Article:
Such fine historical evolution of the dialectics of social change that Indonesia’s literary evolution, from the time of the enculturalization of the Ramayana to the age of the wayang and the “Islamization of the Ramayana” to the emergence of the poets and prose writers of Peojangga Baroe (Pujangga Baru) or the primacy of Takdir Ali Syahbana, Boeya Hamka, and the emergence next of the fiery writers of LEKRA (Lembaga Kebudayaan Rakyat) of Prameodya Ananta Toer, of the 50s (which influenced the birth of Malaya’s ASAS 50 (Kassim Ahmad was one its pioneers), to the literary force provided by Chairil Anwar and next came the 60s Hippie-Days poetry of WS Rendra, prose of Putu Widjaya, the stories of urban life weaved by Muchtar Lubis, Sutarji Calzoum Bachri, and the emergence of the writers of the 80s such as Supardi Djoko Damono and as time and literary periods proceed, responding to the temper of the day we see more and more exciting writers who still, like their forefathers such as the Rimbaud-influenced-existentialist poet Chairil Anwar, these new modern writers, singing the rock songs of Achmed Akbar of the prog-rock band God Bless or the radical tunes of internationally-acclaimed public-rocker-intellectual Iwan Fals, these new and equally fiery writers so to speak, write as if they “write in blood, write naked, and write in exile” … about the things around them. And then we have Eka Kurniawan, interesting new blood bringing a new perspective of radicalism.

A Melancholic Note:

I took a deep breath, after finishing my reading of Eka Kurniawan’s mystical-magical-historical-satirical fiction Beauty is a Wound (Cantik Itu Luka). Closed my eyes for a few minutes to first let a cognitive map of the style, form, and craft emerge, and next allow the memory of my childhood growing up in the village in which the Javanese culture (although I am partly Bugis whose ancestry goes back directly-seven-generations to Raja Haji the rabble-rouser of Sulawesi) is a dominant feature of the inhabitants of my village in Majidee Johor Bahru.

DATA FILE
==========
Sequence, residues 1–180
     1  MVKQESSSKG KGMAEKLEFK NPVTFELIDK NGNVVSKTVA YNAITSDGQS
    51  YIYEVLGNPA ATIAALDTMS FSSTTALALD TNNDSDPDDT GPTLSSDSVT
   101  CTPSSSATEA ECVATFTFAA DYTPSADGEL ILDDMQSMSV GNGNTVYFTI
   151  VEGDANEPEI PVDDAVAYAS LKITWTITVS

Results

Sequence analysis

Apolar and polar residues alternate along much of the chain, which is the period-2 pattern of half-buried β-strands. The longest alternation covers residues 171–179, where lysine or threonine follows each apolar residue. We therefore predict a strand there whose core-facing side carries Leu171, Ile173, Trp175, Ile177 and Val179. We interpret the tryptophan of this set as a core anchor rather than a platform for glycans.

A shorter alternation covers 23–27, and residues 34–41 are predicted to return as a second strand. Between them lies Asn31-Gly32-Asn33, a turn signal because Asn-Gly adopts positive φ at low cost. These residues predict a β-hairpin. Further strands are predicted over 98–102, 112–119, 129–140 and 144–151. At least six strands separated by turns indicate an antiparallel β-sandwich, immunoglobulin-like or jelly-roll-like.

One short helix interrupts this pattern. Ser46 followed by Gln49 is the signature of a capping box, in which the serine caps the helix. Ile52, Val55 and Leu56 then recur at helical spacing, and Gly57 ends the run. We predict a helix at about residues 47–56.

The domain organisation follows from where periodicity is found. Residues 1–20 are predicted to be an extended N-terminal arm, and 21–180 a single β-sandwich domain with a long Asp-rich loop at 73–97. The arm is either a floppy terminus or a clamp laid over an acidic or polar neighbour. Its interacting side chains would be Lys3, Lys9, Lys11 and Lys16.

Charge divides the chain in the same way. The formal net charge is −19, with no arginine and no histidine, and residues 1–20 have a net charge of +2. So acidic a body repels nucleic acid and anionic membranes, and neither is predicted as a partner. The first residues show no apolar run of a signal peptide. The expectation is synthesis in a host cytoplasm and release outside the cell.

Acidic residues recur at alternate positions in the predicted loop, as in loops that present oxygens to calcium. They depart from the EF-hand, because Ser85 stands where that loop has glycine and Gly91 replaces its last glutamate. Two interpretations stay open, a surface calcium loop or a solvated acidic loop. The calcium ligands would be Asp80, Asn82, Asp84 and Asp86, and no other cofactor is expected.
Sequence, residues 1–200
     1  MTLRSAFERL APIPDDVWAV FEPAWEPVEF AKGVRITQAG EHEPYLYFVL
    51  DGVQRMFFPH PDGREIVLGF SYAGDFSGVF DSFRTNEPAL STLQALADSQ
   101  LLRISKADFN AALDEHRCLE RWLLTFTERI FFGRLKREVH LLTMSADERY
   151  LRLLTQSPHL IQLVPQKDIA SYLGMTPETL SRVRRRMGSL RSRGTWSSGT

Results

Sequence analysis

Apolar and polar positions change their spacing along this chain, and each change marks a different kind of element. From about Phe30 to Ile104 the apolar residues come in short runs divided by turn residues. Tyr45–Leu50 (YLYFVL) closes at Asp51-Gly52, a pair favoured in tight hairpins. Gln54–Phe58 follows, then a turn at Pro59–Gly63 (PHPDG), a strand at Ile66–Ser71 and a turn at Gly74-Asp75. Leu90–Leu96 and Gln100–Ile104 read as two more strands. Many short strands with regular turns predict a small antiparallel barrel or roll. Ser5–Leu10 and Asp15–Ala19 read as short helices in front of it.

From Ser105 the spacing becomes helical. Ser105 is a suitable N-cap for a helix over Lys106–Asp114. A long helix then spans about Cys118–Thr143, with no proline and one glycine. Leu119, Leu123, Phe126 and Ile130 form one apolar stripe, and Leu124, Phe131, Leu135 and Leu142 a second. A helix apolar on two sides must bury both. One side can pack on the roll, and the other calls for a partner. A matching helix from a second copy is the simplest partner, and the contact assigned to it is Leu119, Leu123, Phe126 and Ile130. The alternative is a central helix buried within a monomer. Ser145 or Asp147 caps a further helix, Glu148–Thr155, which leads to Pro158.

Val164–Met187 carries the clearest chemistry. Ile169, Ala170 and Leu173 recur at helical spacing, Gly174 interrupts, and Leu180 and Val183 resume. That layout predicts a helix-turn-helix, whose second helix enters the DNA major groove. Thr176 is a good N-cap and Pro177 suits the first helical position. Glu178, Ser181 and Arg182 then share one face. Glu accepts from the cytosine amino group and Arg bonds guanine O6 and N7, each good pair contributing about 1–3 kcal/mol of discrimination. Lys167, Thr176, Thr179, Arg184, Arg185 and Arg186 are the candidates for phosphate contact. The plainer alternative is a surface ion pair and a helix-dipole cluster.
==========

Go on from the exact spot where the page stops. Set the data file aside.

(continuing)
Although the 470-page novel is a translation, I did not find the story a “lost-in-translation” piece of work. I am all too familiar with the setting and the context of how the characters operate albeit having to work harder in thinking about the culture of the Soekarno era.

Words such as “dukun”, “orkes Melayu”, “preman”, “becak” and a few others used in the translated version brought me back to the enriching and enchanting worldview of the Indonesian-Malays primarily of the Javanese, and more word-associations formed in my mental image vis-a-viz the story, momentarily taking me away from another culture — the American culture — that has become part of me after spending more than half of my life in it.